New Delhi, Sept 5: The Immature Platelet Fraction (IPF) test during dengue can prevent unwanted blood transfusion along with the complications related to it, a study by Sir Ganga Ram Hospital said on Monday. If the IPF, a modern parameter that measures young and thereby reticulated platelets in peripheral blood, is high then there is no requirement of blood transfusion in a dengue patient even if there were initial indications of its requirement, the doctors said. The IPF level rise as bone marrow production of platelets increase. Therefore, its measurement provides an assessment of bone marrow platelet production from a peripheral blood sample, in a similar way to how a reticulocyte count could provide a measure of red cell production.
The study was conducted on 50 dengue patients who had platelet count less than 1,00,000/cumm and admitted to Ganga Ram Hospital last year. According to guidelines, platelet transfusion is indicated when its count is less than 20,000/cumm or if the patient has bleeding.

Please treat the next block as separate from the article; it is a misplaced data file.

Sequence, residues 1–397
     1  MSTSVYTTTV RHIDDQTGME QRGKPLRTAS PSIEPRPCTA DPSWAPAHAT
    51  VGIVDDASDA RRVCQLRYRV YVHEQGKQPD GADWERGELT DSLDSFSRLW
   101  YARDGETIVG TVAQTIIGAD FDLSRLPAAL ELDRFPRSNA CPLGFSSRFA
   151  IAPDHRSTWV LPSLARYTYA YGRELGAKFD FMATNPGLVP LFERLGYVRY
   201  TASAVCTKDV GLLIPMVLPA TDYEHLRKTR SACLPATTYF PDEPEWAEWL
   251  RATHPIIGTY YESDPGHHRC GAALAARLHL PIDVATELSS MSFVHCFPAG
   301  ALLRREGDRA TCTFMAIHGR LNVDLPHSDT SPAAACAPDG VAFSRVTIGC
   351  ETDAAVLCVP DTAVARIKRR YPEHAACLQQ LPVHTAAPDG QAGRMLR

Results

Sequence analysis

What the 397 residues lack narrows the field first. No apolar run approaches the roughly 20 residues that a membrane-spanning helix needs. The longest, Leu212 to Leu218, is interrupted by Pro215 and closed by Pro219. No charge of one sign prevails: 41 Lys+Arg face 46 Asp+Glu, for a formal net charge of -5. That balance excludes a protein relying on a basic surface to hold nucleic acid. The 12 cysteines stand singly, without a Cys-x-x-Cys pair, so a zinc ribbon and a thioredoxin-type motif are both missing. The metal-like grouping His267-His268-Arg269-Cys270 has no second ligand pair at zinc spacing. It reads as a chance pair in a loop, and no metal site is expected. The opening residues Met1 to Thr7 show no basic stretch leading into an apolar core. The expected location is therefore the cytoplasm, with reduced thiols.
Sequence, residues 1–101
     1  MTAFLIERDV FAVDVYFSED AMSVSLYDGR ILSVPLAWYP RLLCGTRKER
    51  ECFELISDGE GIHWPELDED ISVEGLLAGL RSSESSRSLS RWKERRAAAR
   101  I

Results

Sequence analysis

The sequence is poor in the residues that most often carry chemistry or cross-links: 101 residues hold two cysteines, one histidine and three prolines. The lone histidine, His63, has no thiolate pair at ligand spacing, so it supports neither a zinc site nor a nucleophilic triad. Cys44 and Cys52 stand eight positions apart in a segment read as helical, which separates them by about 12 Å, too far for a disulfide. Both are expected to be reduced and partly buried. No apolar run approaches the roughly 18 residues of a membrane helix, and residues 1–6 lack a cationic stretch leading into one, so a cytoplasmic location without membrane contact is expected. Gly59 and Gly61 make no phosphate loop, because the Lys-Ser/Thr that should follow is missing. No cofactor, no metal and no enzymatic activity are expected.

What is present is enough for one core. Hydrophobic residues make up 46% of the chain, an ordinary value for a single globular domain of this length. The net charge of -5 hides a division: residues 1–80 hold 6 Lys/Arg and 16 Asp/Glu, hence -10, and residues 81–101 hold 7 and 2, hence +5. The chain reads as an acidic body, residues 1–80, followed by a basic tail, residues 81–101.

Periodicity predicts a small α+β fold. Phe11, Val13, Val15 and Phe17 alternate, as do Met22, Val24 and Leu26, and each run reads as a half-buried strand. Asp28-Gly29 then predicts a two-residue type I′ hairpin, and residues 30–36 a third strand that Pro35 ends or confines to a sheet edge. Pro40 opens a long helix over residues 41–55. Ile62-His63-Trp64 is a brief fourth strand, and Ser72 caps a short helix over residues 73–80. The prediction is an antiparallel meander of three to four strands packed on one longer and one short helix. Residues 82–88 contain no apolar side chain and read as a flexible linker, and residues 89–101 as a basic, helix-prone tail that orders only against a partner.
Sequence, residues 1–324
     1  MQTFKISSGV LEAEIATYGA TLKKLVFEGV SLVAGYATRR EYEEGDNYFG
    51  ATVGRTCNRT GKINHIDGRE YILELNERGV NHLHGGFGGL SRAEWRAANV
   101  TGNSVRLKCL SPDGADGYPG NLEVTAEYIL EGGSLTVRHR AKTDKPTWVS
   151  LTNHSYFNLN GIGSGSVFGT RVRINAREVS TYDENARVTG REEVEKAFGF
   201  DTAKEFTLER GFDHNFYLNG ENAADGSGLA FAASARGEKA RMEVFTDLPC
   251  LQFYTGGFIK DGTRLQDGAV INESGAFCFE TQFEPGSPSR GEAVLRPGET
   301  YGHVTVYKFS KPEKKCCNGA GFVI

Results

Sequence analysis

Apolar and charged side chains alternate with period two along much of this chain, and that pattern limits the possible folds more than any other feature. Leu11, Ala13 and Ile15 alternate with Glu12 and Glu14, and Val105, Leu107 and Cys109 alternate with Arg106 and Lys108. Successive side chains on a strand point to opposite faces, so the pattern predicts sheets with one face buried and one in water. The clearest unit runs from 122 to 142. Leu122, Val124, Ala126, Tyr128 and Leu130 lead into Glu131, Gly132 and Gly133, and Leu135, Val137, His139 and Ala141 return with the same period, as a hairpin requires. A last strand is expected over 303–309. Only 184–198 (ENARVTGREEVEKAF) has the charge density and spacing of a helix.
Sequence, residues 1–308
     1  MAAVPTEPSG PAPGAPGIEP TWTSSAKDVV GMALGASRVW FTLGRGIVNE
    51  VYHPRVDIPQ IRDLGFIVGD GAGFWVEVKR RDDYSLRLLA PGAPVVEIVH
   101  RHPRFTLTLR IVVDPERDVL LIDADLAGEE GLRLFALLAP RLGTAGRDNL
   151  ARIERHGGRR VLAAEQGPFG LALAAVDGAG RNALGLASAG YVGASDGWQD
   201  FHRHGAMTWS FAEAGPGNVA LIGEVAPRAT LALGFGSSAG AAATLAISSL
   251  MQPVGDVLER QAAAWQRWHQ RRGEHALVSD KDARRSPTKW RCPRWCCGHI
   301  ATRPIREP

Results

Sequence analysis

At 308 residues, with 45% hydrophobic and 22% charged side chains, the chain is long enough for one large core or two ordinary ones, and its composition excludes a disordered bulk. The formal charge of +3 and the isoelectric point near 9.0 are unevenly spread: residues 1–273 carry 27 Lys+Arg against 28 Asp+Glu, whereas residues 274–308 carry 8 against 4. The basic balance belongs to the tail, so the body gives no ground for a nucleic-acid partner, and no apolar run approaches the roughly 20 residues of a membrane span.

The indications of transfusion were present in 18 patients during the study. However, only 12 patients out of 18 (66.66 per cent) received appropriate transfusion. In six of the 18 (33 per cent) patients, platelet transfusion was deferred as their immature platelet fraction values were high. Thus the IPF helped prevent platelet transfusion in one-third of the patients who would have received a platelet transfusion.
“This is the first study in which we found Immature Platelet Fraction test useful. IPF can be taken as an indicator of bone marrow recovery from insult caused by the dengue virus. Its values can be taken as an indicator of requirement platelet transfusion. The same can be deferred if immature platelet fraction values are high, the patient is not bleeding and the blood pressure is stable,” Jyoti Kotwal, chairperson department of haematology said.
Finding the utility of IPF in reducing the need for platelet transfusion in large number of dengue patients, the department of interl medicine and the haematology department are using the test to monitor platelets in dengue patients. (IANS)